Introduction: Homemade Millikan-experiment to Determine the Elementary Charge of an Electron
In physics there are several natural constants such as the speed of light c in a vacuum, the Planck constant h or the elementary charge e. An electron has exactly the charge -e, a proton + e. The size of this elementary charge is 1.6 * 10 ^ -19 C. It was first determined by the two physicists Robert Millikan (1868-1953) and Harvey Fletcher (1884-1981). Only Millikan received the Nobel Prize in Physics in 1923.
The measuring principle is simple: using an atomizer, the smallest drops of oil are brought between the two plates of the capacitor and ionized there using X-rays. The resulting charge is a multiple of the elementary charge e. In the earth's gravity field, the oil drops slowly drift downwards without voltage on the capacitor. The radius r can be calculated from the drift velocity v using Stokes' law. If you then apply a certain voltage to the capacitor, you can make the oil drop float with the appropriate setting. Then the force of gravity and the force in the electric field balance each other exactly. The electrical charge q of the oil drop can then be determined from this.
Millikan and Fletcher recognized that electrical charges of any size did not occur, but only integer multiples of a basic charge. With this the elementary charge e was found.
I don't use oil drops for my Millikan experiment. Instead, microparticles with a precisely known size are used. This greatly simplifies the measurements. Instead of determining the drift speed without an electric field, it is now sufficient to make the particles float. The electrical charge of the microparticle can be calculated directly from the voltage U required for this. X-rays or a radioactive source are also not necessary when using these microparticles. When atomizing, some particles are charged automatically.
Step 1: Parts
The following parts are necessary for the experiment:
- Wooden plate
- Digital microscope with screen (amazon)
- Plexiglass tubes with 50mm / 44mm diameter in different lengths (ebay)
- a small round 4mm thick plexiglass plate as a lid
- 2 round 50mm brass disks (ebay)
- M4 threaded rod and wing nuts
- a pipe clamp for mounting the microscope rail
- foam rubber as a seal
- a CCFL inverter to generate the high voltage (Neuhold electronics)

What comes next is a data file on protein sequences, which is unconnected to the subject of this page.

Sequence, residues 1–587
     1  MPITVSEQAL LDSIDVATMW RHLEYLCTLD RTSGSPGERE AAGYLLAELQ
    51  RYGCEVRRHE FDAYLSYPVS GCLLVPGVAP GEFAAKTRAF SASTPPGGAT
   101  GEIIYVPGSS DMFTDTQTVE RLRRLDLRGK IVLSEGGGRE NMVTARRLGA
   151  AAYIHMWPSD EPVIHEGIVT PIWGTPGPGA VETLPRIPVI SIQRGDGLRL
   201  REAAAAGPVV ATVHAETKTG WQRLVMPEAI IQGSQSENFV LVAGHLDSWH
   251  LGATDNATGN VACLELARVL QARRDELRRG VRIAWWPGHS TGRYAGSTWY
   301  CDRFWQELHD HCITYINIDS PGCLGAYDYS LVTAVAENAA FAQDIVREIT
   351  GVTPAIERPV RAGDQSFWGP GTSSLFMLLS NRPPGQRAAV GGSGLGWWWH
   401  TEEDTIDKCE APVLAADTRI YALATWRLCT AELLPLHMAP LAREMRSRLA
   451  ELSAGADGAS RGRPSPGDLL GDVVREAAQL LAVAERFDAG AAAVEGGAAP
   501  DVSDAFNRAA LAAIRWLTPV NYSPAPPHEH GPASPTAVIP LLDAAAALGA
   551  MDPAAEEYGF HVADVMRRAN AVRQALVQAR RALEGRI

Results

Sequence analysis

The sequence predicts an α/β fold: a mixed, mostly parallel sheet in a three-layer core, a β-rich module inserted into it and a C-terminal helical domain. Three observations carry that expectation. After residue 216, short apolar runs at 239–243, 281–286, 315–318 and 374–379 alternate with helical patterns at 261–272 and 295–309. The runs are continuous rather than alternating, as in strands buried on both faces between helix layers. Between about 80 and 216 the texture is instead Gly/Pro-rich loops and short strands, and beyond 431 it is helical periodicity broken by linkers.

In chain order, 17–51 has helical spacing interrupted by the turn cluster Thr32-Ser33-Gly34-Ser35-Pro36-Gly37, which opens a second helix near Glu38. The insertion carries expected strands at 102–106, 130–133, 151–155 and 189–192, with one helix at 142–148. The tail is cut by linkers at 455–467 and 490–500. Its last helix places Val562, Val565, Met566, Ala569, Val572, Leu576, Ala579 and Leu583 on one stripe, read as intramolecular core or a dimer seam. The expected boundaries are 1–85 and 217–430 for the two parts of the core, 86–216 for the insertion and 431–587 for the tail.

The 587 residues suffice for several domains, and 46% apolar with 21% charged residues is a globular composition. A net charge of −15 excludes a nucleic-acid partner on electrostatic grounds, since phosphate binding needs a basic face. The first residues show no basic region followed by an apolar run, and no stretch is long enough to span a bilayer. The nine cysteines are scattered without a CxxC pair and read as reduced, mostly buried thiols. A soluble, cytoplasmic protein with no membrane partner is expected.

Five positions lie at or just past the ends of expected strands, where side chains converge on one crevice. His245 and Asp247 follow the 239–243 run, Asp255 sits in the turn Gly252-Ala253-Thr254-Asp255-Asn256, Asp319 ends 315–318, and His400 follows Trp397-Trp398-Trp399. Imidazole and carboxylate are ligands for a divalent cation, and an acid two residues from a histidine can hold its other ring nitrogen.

- some electrical parts such as an LM317 for the high voltage circuit
- a digital 1000V panel meter (ebay)
- a white 3W LED (ebay)
- Chair bracket for mounting the LED
- a step-down converter with a series resistor to supply the LED (ebay)
- a 12V DC power supply to supply the high-voltage circuit and the LED
- 1.5 µm microparticles of polystyrene (ebay) dissolved in water (0.25g in 14 ml water)
or ready to use 1 µm latex microspheres (science first)
a medical atomizer (I got mine from ebay for 25 USD including shipping)
The whole experiment costs about 170 USD. This is a lot cheaper than the commercial products you can buy. and it is a lot more fun and satisfying to tinker it by yourself.
Step 2: The HV-power Supply
For the high voltage power supply you need the ccfl-inverter and some other components (LM317, potentiometer, UF4007 diodes, 10nF/3kV capacitors)
Step 3: The Building and Setup
To find the right focus you can take the 1mm thrill used for the entrance-hole and try to get him sharp.
Step 4: The Measurements
First you focus the image of the microscope. For this it is advisable to also see the 1mm opening in the upper capacitor plate in the picture. This is used to orient yourself when focusing. Later, when microparticles can be seen, the focus may have to be adjusted once again. This is not that easy because the area of sharp images is very small.
The optical magnification of the microscope should be around 20 times.Then set a fairly low voltage of approx. 100V using the potentiometer. The atomizer is then taken and the latex balls or microparticles dissolved in water (0.25g in 12 ml water) are sprayed into the chamber above the capacitor. Now you have to watch the microscope screen closely. If you discover a particle that reacts to the change in the electrical voltage, adjust it with the potentiometer so that the particle floats and does not move up or down. This voltage U is noted and then the experiment is repeated a few times.
The plexiglass tubes must of course be cleaned again after a few passes. Also, the inlet opening in the upper capacitor plate must not be covered by a drop.
Step 5: The Calculations
If the particle hovers, the weight force F_g = m * g and the electrical force F_e = Q * E = Q * U / d cancel each other out exactly. E corresponds to the electrical field strength in the interior of the capacitor, Q the electrical charge of the microparticles, U the voltage across the capacitor and d the plate spacing of the capacitor. In my case d = 5 mm.
The following applies to the mass m of the microparticle: m = density * volume = density * 4 * Pi * r³ / 3 with the particle radius r. The values for the density of the microparticles and their radius must be known. For example, my microparticles have a radius of 0.75 µm and a density of 1050 kg / m³. If you put all of this into the equation above, you get the following expression for the charge Q:
Q = (d / U) * 4 * Pi * r³ * density * g / 3
Concrete example: d = 0.005 m, r = 0.75 * 10 ^ -6 m, density = 1050 kg / m³, g = 9.81 m / s², U = 273V
This results in an electrical charge Q = 3.33 * 10 ^ -19 C. As you can see, the charge corresponds approximately to the double elementary charge e = 1.6 * 10 ^ -19 C.
If you repeat the experiment and calculate the charge Q, you can see that only certain charges occur. If everything went correctly you should see that only multiples of the charge e = 1.6 * 10 ^ -19 C occur. If you succeed, you can be justifiably proud of yourself and feel like Robert Millikan and Harvey Fletcher.
Step 6: Thanks for Your Interest
Second Prize in the